Wednesday, September 14, 2011

Arrest the parents or work with them?

I thought this article by Timothy Aqukkasuk Argetsinger in Alaska Dispatch was great - "Uqaġupta naalaġniuruksraurusi: When we talk, you listen." It's about the recent issue regarding legal action taken against parents for truant students.

While I think there is risk to then excuse some of the parental action (or inaction) regarding ensuring kids are at school, where they might actually be just negligent, he has great points that are almost never addressed. Specifically, he cites examples in which indigenous culture is worked with Western education for success, rather than a power struggle.

In any case, I can only imagine what he proposes is radical and maybe a little scary to some, but what he's really talking about is getting back to how things were done for millenia. I encourage you to read the WHOLE article before judging!

1 comment:

alaskapi said...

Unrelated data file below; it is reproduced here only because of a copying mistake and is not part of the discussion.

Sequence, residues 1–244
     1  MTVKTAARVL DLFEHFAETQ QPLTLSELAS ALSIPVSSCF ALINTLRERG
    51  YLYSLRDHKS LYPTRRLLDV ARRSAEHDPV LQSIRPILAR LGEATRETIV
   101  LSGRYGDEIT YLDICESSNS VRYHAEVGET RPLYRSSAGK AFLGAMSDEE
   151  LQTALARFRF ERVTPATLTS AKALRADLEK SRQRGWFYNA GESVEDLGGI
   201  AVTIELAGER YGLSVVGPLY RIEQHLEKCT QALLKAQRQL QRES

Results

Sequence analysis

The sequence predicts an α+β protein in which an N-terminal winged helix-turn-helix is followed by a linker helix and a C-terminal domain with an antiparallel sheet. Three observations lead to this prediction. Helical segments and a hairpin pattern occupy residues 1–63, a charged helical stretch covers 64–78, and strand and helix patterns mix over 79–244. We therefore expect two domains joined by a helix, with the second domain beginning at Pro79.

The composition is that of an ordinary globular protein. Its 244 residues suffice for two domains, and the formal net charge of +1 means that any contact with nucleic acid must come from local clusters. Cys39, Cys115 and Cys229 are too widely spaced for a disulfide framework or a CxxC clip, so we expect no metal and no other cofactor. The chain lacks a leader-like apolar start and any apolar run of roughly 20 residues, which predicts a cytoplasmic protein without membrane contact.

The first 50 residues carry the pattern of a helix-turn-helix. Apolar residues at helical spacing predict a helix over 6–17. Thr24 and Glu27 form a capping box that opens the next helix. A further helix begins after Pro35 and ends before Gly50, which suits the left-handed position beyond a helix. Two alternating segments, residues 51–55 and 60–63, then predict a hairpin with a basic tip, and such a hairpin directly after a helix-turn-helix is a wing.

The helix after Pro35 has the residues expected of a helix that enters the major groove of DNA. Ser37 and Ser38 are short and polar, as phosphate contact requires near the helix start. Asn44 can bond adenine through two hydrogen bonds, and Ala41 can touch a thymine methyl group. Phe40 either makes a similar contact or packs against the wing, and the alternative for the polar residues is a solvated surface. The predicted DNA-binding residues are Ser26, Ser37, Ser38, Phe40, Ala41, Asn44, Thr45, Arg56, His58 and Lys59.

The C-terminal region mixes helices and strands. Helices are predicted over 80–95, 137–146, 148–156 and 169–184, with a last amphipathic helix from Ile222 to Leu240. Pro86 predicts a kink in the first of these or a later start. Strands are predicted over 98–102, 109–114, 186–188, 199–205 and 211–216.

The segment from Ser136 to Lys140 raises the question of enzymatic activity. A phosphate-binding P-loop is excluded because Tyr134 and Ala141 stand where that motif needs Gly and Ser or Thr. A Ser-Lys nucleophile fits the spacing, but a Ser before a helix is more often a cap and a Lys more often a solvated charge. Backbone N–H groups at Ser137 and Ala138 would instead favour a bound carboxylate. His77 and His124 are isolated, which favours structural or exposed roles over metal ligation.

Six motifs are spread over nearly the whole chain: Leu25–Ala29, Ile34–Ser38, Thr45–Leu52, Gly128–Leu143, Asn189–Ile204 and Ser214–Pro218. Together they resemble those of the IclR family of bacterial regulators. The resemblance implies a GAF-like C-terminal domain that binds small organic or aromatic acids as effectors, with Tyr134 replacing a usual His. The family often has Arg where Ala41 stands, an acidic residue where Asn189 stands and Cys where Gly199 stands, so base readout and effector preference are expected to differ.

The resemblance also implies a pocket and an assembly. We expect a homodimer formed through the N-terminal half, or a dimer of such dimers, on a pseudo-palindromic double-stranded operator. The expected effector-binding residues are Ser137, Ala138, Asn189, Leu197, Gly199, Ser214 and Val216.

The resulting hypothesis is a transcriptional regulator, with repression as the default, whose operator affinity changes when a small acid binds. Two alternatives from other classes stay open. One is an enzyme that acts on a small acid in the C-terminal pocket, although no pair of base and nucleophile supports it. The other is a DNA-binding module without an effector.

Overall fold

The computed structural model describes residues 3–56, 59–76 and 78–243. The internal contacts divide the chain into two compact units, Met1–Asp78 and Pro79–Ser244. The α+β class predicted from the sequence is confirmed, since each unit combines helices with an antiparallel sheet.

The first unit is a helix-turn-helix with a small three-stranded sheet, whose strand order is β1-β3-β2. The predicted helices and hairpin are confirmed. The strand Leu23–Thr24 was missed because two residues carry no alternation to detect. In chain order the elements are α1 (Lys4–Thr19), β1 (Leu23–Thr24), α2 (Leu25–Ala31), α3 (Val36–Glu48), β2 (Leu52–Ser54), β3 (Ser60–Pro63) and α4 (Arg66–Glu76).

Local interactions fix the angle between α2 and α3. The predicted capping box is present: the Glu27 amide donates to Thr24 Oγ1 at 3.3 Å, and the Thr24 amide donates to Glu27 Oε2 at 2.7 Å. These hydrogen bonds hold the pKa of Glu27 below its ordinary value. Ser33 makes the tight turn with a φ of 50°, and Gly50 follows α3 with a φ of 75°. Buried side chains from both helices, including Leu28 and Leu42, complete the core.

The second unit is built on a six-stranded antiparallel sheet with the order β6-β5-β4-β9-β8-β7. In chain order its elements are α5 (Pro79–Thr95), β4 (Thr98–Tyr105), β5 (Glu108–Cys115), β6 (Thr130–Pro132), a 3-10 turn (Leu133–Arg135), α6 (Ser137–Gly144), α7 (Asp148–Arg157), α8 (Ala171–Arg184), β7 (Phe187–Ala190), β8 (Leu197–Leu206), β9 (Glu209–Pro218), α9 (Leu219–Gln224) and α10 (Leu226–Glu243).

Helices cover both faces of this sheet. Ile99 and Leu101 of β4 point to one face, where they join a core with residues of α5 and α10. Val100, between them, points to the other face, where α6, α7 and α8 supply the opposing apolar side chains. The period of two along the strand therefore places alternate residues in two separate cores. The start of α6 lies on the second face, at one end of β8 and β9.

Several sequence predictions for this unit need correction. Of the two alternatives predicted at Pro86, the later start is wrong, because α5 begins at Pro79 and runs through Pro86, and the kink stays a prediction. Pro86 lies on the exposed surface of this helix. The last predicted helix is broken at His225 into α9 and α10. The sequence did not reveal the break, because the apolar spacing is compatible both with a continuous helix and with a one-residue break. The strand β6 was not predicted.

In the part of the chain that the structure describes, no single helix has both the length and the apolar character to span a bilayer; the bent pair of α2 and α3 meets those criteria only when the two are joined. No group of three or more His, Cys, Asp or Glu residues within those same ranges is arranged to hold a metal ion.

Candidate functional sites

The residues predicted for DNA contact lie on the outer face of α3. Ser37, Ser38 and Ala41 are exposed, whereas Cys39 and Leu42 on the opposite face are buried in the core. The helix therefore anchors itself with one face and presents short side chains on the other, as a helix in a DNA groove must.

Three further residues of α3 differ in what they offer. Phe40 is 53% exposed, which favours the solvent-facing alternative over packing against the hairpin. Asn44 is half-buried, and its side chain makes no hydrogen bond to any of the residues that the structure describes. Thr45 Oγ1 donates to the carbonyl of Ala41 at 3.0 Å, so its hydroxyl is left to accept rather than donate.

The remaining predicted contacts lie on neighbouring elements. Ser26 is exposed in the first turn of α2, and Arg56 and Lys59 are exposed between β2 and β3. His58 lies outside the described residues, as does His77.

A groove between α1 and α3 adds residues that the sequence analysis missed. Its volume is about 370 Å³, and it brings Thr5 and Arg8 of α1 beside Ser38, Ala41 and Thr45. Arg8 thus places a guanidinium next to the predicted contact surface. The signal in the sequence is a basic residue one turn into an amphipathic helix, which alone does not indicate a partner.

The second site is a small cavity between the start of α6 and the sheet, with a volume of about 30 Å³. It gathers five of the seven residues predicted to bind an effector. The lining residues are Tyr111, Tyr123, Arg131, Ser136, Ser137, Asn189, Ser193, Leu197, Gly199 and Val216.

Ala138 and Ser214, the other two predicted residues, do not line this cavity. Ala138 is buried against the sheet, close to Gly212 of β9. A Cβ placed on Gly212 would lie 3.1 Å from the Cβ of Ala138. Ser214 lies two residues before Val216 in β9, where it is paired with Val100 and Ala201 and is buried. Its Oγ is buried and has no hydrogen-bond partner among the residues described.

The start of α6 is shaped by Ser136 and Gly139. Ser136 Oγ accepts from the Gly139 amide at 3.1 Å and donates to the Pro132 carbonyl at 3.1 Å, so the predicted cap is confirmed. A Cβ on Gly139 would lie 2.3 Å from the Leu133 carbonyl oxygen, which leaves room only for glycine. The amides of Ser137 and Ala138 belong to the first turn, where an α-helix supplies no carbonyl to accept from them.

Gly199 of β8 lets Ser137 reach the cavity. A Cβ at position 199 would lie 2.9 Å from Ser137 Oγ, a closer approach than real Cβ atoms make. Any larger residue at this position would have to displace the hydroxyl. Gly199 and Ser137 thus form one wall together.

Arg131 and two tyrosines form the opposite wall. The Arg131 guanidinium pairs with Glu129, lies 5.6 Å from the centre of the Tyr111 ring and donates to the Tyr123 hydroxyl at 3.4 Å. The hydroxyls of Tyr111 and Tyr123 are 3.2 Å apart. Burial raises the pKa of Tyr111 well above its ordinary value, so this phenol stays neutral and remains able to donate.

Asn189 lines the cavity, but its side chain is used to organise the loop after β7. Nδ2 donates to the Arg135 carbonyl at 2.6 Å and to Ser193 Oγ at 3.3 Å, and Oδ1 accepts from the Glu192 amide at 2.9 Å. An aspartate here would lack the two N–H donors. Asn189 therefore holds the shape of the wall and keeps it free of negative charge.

I've been watching this writer's work on his own blog. He has a powerful voice and is developing truly rich arguments for a measured shift in education here.
I was more dismayed by the cavalier attitude about sending parents off to jail in the original article .
Parents who truly fail their children will not "get it" from a jail sentence and their children will not gain . My mother worked for years as a public defender for juveniles. Kids with broken parents all too often try to take care of those parents and do not learn to take care of themselves or mature as full selves.
The state and education system are not making distinctions about real failure to parent and troubles parents encounter with this truancy routine. Nor are the state and education system looking to truly solve any problems. All appearances are that it is merely to force children into seats in school and pray some knowledge of some sort filters through.
Parents who have real problems with parenting need help as do their children. Whether this comes from the larger community, family, and/or the education system, it is to the benefit of all to help.
Parents who cannot or do not parent are another deal altogether and it would serve us well to make the distinction.
There is also the issue that Alaska occupies a singular place as regards Native self determination rights in education post ANSCA. I'm hoping Mr Argetsinger and others will help us discuss this with a view to sorting out what we want to do about it.